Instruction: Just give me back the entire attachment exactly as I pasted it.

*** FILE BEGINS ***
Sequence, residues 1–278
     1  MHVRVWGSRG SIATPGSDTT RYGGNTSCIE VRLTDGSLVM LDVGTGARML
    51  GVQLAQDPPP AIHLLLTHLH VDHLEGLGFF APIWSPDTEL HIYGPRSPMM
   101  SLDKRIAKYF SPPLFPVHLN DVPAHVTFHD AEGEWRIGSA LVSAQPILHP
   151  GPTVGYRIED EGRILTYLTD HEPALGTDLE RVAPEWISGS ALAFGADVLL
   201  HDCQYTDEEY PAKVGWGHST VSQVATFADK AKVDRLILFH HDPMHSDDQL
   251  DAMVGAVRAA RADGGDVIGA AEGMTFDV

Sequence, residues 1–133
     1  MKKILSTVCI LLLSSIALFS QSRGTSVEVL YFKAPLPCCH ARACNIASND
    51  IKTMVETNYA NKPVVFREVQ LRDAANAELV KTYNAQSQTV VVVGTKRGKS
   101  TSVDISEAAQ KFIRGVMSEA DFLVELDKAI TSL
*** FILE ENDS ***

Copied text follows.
Sequence, residues 1–278
     1  MHVRVWGSRG SIATPGSDTT RYGGNTSCIE VRLTDGSLVM LDVGTGARML
    51  GVQLAQDPPP AIHLLLTHLH VDHLEGLGFF APIWSPDTEL HIYGPRSPMM
   101  SLDKRIAKYF SPPLFPVHLN DVPAHVTFHD AEGEWRIGSA LVSAQPILHP
   151  GPTVGYRIED EGRILTYLTD HEPALGTDLE RVAPEWISGS ALAFGADVLL
   201  HDCQYTDEEY PAKVGWGHST VSQVATFADK AKVDRLILFH HDPMHSDDQL
   251  DAMVGAVRAA RADGGDVIGA AEGMTFDV

Sequence, residues 1–133
     1  MKKILSTVCI LLLSSIALFS QSRGTSVEVL YFKAPLPCCH ARACNIASND
    51  IKTMVETNYA NKPVVFREVQ LRDAANAELV KTYNAQSQTV VVVGTKRGKS
   101  TSVDISEAAQ KFIRGVMSEA DFLVELDKAI TSL